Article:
Old Photo Scanning and Flickr Uploading in Ubuntu 7.10

I’ve been going through my old photos, stored away in an old biscuit tin (which itself has drawn comment from a couple of people). Because I was so anal in the past (not like now, ahem) I kept them all their paper wallets from the developers, with the negatives, and in many cases labelled on the back with the date and frame number. This means I’ve been able to throw away a lot of the photos, because they take up space, and I know I can (if I so desire) get more prints made from the negatives. I’m sure I won’t, but I just can’t face throwing them away entirely.

The ones that are left I am now scanning and posting on my Flickr account. The process is a bit laborious, due to the equipment I use. My scanner, a Mustek 1248B is USB bus powered and slooooooooow. But, it connects nicely to Ubuntu, and using the fantastic GIMP and XSane I am scanning away merrily.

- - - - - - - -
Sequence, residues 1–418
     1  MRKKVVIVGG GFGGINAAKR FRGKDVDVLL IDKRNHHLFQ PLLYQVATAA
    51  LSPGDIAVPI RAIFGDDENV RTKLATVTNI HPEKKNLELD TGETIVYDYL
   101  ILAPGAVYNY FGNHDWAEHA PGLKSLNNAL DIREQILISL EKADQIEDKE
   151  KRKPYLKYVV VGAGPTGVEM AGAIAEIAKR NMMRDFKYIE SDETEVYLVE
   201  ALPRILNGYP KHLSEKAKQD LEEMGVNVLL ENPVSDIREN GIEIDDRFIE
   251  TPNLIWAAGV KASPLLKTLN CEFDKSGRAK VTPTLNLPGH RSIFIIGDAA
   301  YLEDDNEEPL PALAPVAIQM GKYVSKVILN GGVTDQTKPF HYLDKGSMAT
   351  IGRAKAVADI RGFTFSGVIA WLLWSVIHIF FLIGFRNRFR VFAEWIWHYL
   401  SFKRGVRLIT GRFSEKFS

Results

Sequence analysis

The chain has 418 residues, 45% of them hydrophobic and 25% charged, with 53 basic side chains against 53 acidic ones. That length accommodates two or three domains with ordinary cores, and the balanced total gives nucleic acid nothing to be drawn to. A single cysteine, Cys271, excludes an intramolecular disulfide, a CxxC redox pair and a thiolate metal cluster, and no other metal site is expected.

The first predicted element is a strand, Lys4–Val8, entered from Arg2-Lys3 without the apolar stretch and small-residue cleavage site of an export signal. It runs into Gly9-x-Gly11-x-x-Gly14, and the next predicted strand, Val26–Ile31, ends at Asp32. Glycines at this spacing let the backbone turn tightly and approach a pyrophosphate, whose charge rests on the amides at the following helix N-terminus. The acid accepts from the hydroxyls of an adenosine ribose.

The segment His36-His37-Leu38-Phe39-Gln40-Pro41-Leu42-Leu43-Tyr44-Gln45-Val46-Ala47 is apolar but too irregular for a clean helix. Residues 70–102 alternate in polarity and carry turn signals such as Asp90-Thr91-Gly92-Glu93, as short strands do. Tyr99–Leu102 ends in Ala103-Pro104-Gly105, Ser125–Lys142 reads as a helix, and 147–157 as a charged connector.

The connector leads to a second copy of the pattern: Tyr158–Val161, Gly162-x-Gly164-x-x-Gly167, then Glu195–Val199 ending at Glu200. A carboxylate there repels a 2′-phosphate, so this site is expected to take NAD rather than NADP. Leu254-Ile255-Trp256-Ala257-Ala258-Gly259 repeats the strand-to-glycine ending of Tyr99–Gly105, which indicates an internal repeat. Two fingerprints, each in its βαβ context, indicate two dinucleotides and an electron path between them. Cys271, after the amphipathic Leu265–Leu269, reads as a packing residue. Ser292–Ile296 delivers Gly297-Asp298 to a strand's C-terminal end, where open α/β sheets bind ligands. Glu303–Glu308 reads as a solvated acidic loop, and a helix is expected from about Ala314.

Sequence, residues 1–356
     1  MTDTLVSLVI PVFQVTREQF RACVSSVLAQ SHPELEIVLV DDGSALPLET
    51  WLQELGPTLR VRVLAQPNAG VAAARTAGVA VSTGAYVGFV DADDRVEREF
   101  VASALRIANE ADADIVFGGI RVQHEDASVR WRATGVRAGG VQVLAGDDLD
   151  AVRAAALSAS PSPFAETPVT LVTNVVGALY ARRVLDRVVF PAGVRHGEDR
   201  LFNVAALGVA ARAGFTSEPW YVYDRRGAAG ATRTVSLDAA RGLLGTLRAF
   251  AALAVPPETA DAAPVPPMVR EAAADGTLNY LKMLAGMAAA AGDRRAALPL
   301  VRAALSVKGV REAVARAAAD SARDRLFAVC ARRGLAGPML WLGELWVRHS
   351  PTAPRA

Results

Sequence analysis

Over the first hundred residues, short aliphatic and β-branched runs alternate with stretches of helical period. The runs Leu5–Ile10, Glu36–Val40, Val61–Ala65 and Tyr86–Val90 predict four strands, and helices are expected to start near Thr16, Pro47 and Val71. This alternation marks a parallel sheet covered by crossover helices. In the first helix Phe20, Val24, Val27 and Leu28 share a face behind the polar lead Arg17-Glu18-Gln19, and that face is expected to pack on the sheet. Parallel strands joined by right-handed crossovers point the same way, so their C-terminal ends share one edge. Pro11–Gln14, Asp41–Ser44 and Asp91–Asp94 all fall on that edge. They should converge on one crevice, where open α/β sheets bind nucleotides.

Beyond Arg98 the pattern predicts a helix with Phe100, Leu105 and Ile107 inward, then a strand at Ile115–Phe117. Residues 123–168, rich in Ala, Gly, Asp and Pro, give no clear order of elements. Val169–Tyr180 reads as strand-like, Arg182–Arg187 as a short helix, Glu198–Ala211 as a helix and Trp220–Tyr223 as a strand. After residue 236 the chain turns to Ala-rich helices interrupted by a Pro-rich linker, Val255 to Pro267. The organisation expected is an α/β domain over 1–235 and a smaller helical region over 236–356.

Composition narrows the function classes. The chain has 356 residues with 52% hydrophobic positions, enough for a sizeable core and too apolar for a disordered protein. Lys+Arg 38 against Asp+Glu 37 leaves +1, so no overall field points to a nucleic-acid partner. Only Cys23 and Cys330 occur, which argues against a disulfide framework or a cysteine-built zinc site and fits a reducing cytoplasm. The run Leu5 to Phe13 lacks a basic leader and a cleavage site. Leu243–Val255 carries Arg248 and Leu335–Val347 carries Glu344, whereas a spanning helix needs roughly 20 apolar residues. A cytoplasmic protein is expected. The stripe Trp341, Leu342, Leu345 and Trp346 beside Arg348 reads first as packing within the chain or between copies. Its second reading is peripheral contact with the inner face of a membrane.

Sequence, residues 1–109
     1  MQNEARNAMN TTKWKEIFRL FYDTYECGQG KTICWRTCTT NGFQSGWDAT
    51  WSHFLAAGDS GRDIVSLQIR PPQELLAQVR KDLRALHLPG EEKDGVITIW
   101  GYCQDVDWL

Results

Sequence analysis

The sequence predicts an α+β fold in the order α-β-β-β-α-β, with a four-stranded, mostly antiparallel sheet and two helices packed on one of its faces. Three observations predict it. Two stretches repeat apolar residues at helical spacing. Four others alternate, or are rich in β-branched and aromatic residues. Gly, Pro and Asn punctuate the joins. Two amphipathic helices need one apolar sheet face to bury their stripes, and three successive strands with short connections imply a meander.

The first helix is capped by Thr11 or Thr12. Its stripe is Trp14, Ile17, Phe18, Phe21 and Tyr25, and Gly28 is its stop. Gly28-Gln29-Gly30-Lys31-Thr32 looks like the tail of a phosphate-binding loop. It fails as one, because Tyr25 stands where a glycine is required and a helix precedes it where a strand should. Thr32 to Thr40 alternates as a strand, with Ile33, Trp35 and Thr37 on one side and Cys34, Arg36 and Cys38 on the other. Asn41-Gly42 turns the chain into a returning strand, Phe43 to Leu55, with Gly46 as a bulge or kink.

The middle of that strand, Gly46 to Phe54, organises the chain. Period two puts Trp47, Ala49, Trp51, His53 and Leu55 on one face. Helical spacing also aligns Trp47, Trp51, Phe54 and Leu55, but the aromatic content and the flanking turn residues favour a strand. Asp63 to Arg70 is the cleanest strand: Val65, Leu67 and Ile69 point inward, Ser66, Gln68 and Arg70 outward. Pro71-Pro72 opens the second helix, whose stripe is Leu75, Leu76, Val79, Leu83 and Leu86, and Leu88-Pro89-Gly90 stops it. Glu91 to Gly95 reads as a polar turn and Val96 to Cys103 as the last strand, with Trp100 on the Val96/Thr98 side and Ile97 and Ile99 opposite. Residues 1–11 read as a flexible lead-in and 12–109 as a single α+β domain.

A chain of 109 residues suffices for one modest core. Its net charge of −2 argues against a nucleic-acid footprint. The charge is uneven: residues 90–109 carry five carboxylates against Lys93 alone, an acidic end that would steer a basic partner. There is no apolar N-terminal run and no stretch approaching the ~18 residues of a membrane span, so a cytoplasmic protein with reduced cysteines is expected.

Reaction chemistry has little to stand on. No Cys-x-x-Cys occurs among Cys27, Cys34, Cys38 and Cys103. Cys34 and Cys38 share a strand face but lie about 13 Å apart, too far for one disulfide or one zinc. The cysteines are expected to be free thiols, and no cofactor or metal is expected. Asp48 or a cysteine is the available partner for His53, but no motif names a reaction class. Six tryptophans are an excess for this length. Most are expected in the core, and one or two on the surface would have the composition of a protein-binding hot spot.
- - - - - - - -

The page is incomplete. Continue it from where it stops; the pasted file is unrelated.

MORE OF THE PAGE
To save some time I’m using a clever trick I picked up, which uses a great feature of GIMP. Here’s what to do.

  1. Arrange 4 photos on the scanner glass, leaving a little gap between them and making them as straight as possible.
  2. In GIMP: File > Acquire > XSane > Device dialog
  3. This will start the XSane scanning software and allow you to set the scanning settings, resolution, colours etc. When happy, click Scan.
  4. Go to the nearest cinema and watch ‘There Will Be Blood‘, because it’s brilliant, and you have some time to spare, because the scanner is so slow. Actually it takes about 20 seconds. The scanned image will appear in GIMP.
  5. Clever bit. By clicking and dragging from the rulers at the top and side of the image, create horizontal and vertical guides where the gaps between the photos are. These will be where you chop the image up into the separate 4 photos.
  6. In GIMP: Image > Transform > Guillotine
  7. GIMP chops up the image, and creates a series of new images depending on where the guides were. It preserves the original too.